Mom preferred the girl’s name she had already picked for her second baby before I so rudely arrived—and not long after I came home Megan became the purebred Irish Setter Dad bought Mom to cheer her up during long, lonely afternoons in the years before I became a halfway-decent audience. Nobody in town had heard of Noël Coward or knew how his mother pushed him to become a dancer as a boy. Whether Mom—a high school dropout who never went to a show—ever read any of his plays or just thought the name sounded foreign enough to be fancy, without being “uppity,” she never said. Nor did she explain why she lost the umlaut, though now I wonder if it was because it might have led me to be confused with Noelle—a name she more than once explained she hated because of some girl who once said Mom’s crimson hair made her look like a squirrel, long before she found her voice, long before she learned to use words as weapons. If Mom had any sense the English playwright liked men more than women, I might have been Cash or Norm. I worried if I shared this tidbit of literary biography she might stop talking to me altogether, like she did with my older brother, after he came out, moved out and was left out of every Christmas dinner ever after, since it was too late for Mom to make him Duke or King. Now with her gone, so many years later, whenever we talk on the telephone about our jobs and loves and dogs, about our growing ups and downs, about how nobody, really, is to blame he never once uses my proper name, instead just calls me brother.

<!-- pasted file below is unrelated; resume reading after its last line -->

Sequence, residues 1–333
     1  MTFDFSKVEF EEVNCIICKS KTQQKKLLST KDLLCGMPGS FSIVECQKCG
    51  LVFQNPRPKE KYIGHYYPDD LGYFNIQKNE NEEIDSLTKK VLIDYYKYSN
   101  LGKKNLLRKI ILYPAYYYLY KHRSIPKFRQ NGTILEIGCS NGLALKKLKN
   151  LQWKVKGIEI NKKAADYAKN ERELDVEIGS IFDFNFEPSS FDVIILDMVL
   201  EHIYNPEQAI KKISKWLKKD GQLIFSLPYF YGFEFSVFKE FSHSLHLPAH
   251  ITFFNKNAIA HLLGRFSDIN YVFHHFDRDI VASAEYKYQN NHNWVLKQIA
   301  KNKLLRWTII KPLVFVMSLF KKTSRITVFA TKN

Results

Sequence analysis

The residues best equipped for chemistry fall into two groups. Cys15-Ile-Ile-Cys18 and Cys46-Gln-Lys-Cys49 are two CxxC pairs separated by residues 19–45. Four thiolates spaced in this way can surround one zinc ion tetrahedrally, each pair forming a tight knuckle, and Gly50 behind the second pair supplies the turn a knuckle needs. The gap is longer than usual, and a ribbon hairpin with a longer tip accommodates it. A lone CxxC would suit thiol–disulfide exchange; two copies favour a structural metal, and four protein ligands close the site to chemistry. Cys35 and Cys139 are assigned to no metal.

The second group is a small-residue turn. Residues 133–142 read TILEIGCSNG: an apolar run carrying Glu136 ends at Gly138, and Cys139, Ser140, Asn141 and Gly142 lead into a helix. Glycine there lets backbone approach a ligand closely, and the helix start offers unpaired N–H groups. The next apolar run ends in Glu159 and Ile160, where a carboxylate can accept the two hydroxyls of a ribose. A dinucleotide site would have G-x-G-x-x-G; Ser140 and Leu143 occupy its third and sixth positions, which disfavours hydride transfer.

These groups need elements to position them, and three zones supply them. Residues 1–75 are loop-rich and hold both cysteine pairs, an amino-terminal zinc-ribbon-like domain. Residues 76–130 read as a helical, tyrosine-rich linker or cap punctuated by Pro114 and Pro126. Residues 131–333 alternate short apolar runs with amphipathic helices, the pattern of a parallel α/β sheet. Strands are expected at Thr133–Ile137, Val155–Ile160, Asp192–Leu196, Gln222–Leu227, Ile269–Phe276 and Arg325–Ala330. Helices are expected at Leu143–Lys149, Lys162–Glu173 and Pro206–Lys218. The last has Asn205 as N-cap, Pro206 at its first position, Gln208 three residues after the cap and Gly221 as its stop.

Noel Sloboda is the author of two poetry collections and seven chapbooks, most recently Creature Features (Mainstreet Rag Publishing Company, 2022). He teaches at Penn State York, where he also coordinates the English program.